Background: Trichotillomania (TTM) is a complex disease with varying clinical characteristics, and psychosocial impairment is noted in many TTM patients. Despite its prevalence in childhood, there is limited research on pediatric TTM. Objective: To analyze the clinical and epidemiologic features of TTM in children evaluated by dermatologists and behavioral health specialists. Method: We performed a retrospective chart review of 137 pediatric patients seen at the Children’s Hospital of Philadelphia with initial presentation of TTM at age 17 or younger. Patients were treated by dermatology or behavioral health. Results: The majority of the patients were females, with an average diagnosis age around 8 years. Over half had a psychiatric comorbidity, and over a quarter had a skin disorder. Skin disorders were more commonly present in those evaluated by dermatology, and psychiatric comorbidities were more commonly present in those evaluated by behavioral health. The most common form of treatment was behavioral therapy, with medications prescribed more often by dermatologists. Conclusions: TTM patients choose to present to behavioral health or dermatology; however, there are distinctive differences between the two cohorts. With behavioral and pharmacologic treatment options, a relationship between dermatologists and behavioral health specialists is necessary for multifactorial management of TTM.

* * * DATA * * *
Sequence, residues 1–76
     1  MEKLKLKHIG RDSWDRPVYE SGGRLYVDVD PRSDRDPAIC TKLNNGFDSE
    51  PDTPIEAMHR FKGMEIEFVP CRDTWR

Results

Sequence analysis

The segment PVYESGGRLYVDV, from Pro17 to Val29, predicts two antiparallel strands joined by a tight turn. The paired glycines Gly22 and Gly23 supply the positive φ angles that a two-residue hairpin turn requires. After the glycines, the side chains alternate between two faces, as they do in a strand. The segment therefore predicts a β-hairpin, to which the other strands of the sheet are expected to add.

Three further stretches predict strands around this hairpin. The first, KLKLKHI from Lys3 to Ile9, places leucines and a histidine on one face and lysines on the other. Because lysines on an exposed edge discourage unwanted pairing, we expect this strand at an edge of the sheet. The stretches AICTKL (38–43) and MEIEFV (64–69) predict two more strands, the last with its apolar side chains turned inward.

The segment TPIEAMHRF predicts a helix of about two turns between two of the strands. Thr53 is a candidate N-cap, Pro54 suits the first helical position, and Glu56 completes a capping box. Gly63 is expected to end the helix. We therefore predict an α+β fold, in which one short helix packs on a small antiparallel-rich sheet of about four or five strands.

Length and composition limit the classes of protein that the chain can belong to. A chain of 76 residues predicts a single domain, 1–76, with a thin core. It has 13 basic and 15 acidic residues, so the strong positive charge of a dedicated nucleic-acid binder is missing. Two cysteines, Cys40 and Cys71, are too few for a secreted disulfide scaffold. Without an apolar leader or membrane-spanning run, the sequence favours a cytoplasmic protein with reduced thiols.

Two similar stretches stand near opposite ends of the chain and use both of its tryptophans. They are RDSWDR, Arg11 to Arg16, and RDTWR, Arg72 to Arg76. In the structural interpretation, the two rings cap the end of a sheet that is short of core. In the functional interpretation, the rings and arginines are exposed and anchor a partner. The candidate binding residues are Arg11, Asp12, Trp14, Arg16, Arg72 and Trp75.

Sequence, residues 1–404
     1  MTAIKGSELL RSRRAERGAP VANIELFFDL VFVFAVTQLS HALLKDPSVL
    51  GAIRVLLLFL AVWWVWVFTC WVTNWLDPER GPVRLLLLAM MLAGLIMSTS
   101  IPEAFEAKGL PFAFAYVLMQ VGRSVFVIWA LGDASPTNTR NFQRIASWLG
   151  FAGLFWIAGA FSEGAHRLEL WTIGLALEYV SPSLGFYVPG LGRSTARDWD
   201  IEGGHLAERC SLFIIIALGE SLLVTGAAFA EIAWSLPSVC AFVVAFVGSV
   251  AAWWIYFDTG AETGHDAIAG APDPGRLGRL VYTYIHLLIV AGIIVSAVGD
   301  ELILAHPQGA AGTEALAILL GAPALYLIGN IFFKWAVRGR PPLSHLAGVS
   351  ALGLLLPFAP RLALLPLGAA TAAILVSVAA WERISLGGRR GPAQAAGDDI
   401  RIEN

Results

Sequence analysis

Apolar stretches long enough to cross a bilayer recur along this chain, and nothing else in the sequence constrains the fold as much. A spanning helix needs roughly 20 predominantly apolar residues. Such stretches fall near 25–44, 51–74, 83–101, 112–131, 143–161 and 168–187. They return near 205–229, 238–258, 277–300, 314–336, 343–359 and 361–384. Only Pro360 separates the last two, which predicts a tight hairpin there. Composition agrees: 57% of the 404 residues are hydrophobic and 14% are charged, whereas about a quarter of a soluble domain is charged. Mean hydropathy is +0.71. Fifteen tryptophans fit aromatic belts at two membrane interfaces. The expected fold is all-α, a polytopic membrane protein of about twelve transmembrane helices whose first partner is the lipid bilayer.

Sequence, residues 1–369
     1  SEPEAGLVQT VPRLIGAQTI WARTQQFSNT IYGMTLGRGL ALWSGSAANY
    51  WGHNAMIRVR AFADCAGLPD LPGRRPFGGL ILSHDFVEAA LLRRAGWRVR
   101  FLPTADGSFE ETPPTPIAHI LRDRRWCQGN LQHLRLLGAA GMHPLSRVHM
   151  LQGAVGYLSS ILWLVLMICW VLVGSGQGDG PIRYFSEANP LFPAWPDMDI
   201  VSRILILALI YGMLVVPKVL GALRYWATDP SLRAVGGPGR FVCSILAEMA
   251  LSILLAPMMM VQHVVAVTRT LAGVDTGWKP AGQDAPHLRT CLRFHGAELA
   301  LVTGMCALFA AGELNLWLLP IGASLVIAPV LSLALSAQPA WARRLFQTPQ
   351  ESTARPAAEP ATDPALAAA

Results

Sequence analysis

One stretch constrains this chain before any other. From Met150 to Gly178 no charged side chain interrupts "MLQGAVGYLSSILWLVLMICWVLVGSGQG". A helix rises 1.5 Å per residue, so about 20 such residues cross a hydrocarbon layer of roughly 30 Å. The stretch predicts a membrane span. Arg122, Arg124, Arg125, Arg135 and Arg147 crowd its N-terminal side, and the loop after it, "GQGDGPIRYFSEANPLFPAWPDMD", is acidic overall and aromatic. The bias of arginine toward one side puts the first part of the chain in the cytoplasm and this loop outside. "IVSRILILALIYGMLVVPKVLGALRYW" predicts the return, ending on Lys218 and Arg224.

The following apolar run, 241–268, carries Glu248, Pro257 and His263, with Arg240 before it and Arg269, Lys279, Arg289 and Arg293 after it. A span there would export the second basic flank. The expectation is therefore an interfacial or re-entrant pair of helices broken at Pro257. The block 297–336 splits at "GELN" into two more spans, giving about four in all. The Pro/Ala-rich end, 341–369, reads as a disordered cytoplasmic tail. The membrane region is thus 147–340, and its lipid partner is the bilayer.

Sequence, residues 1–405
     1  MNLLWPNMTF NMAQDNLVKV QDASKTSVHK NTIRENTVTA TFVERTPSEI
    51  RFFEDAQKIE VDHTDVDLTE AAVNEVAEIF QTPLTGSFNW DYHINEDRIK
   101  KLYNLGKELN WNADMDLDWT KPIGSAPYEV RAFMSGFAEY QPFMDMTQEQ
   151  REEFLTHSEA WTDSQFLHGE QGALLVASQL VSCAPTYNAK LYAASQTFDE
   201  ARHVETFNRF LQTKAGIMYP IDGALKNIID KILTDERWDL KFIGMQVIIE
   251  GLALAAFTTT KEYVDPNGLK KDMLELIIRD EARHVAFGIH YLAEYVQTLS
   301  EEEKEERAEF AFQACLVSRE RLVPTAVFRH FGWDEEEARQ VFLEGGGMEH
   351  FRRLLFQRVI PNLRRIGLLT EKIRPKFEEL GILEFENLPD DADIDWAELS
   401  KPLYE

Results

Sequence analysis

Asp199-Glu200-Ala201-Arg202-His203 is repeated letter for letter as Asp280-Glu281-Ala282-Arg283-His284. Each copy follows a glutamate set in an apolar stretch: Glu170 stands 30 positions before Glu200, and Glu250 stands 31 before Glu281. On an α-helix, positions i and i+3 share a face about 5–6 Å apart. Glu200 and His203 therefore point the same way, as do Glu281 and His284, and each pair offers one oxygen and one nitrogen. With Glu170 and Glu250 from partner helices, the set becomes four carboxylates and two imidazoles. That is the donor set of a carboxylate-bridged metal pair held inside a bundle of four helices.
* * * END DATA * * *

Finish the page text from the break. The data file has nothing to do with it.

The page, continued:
The first case of trichotillomania (TTM), also known as trichotillosis, was reported in 1889 by a French dermatologist, Hallopeau [1]. It falls under the obsessive-compulsive and related disorders in the Diagnostic and Statistical Manual of Mental Disorders-V (DSM-V). It is assigned to individuals who recurrently pull out hair from any region of their body resulting in hair loss and other forms of impairment [2]. The most common sites of hair removal are the scalp, eyebrows, and eyelashes. Other regions include pubic hair, body hair, and facial hair [3]. Although it is a nonscarring type of hair loss, if hair is continuously pulled, it may no longer grow [4].

Since 1889, the etiology, epidemiology, natural history, psychosocial impact, and treatment options are still uncertain. TTM onset may occur across the lifespan, yet adolescent onset (ages 10–13) is most frequently reported, affecting more females than males [5, 6]. The lifetime prevalence is estimated to be around 1–3% [6]. Nonetheless, there are variations in these findings.

The distressing nature of this disease can lead to severe functional impairment and/or psychological comorbidity. Some patients may suffer from trichophagia, where they consume the pulled hair creating trichobezoars. The trichobezoars, or hairballs, can lead to gastrointestinal difficulties [7]. Psychological comorbidities commonly include mood disorders, anxiety disorders, substance use disorders, eating disorders, and disruptive behavior in youth [8]. There is no definitive cure for TTM in children, with treatment options varying from patient education and behavioral therapy to over-the-counter supplements and medications such as N-acetylcysteine (NAC) or topical therapies like steroids with variable potencies [9].